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While My Guitar Gently Weeps

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"While My Guitar Gently Weeps"
Song by The Beatles
Album The Beatles
Released 22 November 1968
Recorded 5 September 1968
Genre Rock
Length 4:46
Label Apple Records
Writer George Harrison
Producer George Martin
The Beatles track listing

Side one

  1. "Back in the U.S.S.R."
  2. "Dear Prudence"
  3. "Glass Onion"
  4. "Ob-La-Di, Ob-La-Da"
  5. "Wild Honey Pie"
  6. "The Continuing Story of Bungalow Bill"
  7. "While My Guitar Gently Weeps"
  8. "Happiness Is a Warm Gun"

Side two

  1. "Martha My Dear"
  2. "I'm So Tired"
  3. "Blackbird"
  4. "Piggies"
  5. "Rocky Raccoon"
  6. "Don't Pass Me By"
  7. "Why Don't We Do It in the Road?"
  8. "I Will"
  9. "Julia"

Side three

  1. "Birthday"
  2. "Yer Blues"
  3. "Mother Nature's Son"
  4. "Everybody's Got Something to Hide Except Me and My Monkey"
  5. "Sexy Sadie"
  6. "Helter Skelter"
  7. "Long, Long, Long"

Side four

  1. "Revolution 1"
  2. "Honey Pie"
  3. "Savoy Truffle"
  4. "Cry Baby Cry"
  5. "Revolution 9"
  6. "Good Night"


I wrote this at my mother's house in the North of England. I just had my guitar and I think I just wanted to write a song and, I do this often if I haven't particularly got an idea for a song, then I believe in the I Ching, where everything is at that moment, you know, relative to that situation. So, with "While My Guitary Gently Weeps," I just opened a book that was around, and the first thing I looked at became the song, and it was something about "gently weeps," and then from that my whole thought started going up and I just started writing the song. I just closed the book again and I had the idea. When we got into "Guitar Gently Weeps," we recorded it one night and there was such a lack of enthusiasm. So I went home really disappointed, because I knew the song was good.

—George Harrison

It was very spontaneous. We were in George's car, driving in London, and he said, "Do you want to come and play on this record?" and I went, "All right. But no one has ever played on a Beatles record. They won't like that." So George said, "No, it's nothing to do with them. It's my song." Then I came.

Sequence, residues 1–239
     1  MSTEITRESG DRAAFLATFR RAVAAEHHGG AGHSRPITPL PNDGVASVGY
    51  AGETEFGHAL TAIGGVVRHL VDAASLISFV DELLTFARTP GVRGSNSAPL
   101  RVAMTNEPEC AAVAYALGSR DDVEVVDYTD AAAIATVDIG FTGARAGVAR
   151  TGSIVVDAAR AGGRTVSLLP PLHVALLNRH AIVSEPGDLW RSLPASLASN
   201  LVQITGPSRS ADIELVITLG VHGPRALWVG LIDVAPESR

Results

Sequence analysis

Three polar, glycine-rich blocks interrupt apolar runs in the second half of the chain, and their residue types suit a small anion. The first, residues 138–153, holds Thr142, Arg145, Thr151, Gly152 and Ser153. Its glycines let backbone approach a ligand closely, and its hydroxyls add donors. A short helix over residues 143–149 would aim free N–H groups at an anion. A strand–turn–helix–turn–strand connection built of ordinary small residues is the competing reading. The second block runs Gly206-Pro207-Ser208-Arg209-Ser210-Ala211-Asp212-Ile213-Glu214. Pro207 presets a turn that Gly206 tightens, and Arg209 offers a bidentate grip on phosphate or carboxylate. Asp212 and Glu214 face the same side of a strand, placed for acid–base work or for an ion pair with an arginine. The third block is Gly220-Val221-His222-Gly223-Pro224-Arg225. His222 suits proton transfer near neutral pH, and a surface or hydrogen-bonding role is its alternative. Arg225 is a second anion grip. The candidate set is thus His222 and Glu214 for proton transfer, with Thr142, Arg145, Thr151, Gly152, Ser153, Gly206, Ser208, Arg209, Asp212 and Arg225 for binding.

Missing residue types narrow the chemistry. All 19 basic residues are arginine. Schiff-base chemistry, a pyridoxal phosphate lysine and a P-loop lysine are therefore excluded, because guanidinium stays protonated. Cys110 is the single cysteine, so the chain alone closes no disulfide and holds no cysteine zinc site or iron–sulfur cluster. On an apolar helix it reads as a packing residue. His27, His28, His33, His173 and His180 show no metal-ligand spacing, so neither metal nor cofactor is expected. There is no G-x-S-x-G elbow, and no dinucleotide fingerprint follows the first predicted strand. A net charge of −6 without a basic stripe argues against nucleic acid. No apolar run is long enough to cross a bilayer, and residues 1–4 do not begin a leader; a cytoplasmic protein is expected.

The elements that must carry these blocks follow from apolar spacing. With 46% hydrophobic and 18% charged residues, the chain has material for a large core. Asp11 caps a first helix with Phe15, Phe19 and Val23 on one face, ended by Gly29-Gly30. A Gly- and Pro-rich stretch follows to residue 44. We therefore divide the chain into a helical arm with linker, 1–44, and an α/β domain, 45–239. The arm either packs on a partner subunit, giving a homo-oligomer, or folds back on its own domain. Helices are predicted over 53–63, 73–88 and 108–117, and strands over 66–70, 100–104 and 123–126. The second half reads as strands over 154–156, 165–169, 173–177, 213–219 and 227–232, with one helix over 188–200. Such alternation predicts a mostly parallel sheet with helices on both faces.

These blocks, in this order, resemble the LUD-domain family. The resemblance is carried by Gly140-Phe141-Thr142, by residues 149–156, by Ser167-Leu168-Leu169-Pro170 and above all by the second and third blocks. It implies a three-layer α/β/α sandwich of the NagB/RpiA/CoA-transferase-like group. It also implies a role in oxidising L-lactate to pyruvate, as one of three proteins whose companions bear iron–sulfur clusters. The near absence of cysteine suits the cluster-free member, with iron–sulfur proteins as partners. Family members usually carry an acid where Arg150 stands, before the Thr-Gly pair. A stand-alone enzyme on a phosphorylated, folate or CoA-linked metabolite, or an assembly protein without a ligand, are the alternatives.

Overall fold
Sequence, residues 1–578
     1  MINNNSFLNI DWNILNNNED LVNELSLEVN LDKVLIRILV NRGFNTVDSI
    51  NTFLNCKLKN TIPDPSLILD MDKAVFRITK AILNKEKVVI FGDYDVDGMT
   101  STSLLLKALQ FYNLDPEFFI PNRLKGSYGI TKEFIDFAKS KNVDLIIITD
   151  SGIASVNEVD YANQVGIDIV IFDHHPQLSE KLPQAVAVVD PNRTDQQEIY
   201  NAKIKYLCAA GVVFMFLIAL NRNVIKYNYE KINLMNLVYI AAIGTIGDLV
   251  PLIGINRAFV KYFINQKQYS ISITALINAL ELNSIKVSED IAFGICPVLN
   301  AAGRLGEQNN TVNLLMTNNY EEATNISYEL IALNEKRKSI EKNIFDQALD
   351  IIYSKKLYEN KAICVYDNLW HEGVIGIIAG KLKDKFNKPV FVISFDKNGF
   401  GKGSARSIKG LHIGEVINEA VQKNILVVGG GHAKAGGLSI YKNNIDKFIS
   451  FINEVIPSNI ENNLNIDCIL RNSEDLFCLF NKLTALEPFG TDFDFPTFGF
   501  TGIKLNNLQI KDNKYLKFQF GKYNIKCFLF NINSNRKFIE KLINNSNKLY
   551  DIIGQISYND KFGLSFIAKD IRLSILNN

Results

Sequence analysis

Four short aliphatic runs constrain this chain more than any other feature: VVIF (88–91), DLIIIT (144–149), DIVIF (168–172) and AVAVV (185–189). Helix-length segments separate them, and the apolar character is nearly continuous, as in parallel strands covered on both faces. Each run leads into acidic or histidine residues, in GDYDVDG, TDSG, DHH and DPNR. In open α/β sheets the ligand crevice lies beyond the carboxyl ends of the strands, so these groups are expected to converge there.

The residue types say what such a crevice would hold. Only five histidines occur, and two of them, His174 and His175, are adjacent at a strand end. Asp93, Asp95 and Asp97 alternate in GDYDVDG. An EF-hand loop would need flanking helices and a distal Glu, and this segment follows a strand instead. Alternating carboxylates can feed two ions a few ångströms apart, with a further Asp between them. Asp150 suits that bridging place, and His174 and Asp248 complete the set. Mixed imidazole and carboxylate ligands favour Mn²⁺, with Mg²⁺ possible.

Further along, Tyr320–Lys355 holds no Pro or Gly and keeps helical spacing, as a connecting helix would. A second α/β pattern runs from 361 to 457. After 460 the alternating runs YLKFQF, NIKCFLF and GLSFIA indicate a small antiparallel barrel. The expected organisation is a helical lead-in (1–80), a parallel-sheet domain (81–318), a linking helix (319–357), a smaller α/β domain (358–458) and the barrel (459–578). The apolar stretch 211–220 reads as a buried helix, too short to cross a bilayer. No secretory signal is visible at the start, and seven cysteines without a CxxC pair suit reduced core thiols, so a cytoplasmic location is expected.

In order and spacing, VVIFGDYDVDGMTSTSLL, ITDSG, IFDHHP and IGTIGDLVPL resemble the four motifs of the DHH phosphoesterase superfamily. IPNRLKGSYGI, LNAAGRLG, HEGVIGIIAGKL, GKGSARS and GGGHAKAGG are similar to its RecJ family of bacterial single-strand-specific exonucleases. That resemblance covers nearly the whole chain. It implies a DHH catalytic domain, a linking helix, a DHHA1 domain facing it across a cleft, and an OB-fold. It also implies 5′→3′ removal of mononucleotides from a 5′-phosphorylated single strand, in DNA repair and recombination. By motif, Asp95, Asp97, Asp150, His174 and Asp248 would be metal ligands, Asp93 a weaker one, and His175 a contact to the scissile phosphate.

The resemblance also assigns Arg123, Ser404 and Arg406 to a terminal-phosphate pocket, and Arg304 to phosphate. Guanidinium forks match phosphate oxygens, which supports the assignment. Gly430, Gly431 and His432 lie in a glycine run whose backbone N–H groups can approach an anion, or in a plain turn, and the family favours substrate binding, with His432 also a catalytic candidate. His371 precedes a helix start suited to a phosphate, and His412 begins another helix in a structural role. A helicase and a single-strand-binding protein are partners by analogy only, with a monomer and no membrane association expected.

—Eric Clapton

George's songs were getting so much better. He was demanding his rights. The reason why The Beatles made the double White and not Pepper again was because George had so much material, Paul had so much more material, I had so much material and even Ringo had so much material. We made the double White album because it was going to be a double album forever. Abbey Road was like a freak. It was an effort trying to produce something that we used to produce, because it was already disintegrating on the White Album because ther was so much material. Either we would have had to make double albums every time or Paul and I would have had to say, "OK, we'll only have two songs on every album," and that wouldn't have been fun for Paul and I. It had to break.

—John Lennon, 1970

The problem was that John and Paul had written songs for so long it was difficult — First of all because they had such alot of tunes and they automatically thought that theirs should be priority. So for me, I'd always have to wait through ten of their songs before they'd even listen to one of mine. That was why 'All Things Must Pass' had so many songs, because it was like I'd been constipated. I had a little encouragement from time to time, but it was very little. It was like they were doing me a favor. I didn't have much confidence in writing songs because of that. Because they never said, 'Yeah that's a good song.' When we got into things like "While My Guitar Gently Weeps,' we recorded it one night and there was such a lack of enthusiasm. So I went home really disappointed because I knew the song was good.

—George Harrison, from Mystical One: George Harrison: After the Breakup of the Beatles, Elliot J. Huntley, 2004

The next day I brought Eric Clapton with me. He was really nervous. I was saying, 'Just come and play on the session, then I can sing and play acoustic guitar.' Because what happened when Eric was there on that day, and later on when Billy Preston... I pulled in Billy Preston on Let It Be... it helped, because the others would have to control themselves a bit more. John and Paul mainly because they had to, you know, act more handsomely. Eric was nervous saying, 'No, what will they say?' And I was saying, 'Fuck 'em, that's my song.' You know, he was the first non-Beatle person who'd ever played on anything.

—George Harrison, Crawdaddy Magazine interview, Feb 1977

I worked on that song with John, Paul, and Ringo one day, and they were not interested in it at all. And I knew inside of me that it was a nice song. The next day I was with Eric Clapton, and I was going into the session, and I said, 'We're going to do this song. Come and play on it.' He said, 'Oh no. I can't do that. Nobody ever plays on the Beatles records.' I said, 'Look, it's my song, and I want you to play on it.' So Eric came in, and the other guys were as good as gold-- because he was there. Also, it left me free to just play the rhythm and do the vocal. So Eric played that, and I thought it was really good. Then we listened to it back, and he said, 'Ah, there's a problem though; it's not Beatley enough.' So we put it through the ADT (automatic double-track) to wobble it up a bit.

—George Harrison, 1987

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